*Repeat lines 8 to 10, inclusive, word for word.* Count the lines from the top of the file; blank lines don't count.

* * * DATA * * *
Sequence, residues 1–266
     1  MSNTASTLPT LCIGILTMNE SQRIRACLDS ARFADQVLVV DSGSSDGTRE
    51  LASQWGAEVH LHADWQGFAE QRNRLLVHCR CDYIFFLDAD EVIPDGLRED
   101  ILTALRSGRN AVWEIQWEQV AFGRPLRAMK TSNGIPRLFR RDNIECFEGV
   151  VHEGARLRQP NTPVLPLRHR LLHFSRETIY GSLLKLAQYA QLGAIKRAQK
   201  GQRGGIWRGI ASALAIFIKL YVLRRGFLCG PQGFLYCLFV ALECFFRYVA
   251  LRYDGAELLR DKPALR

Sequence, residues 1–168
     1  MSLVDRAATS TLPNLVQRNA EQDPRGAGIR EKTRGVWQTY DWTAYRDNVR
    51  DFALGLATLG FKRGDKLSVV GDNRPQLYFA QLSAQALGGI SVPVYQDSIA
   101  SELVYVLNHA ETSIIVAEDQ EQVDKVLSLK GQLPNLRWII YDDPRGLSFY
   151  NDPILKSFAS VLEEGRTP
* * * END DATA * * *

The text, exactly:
Sequence, residues 1–168
     1  MSLVDRAATS TLPNLVQRNA EQDPRGAGIR EKTRGVWQTY DWTAYRDNVR
    51  DFALGLATLG FKRGDKLSVV GDNRPQLYFA QLSAQALGGI SVPVYQDSIA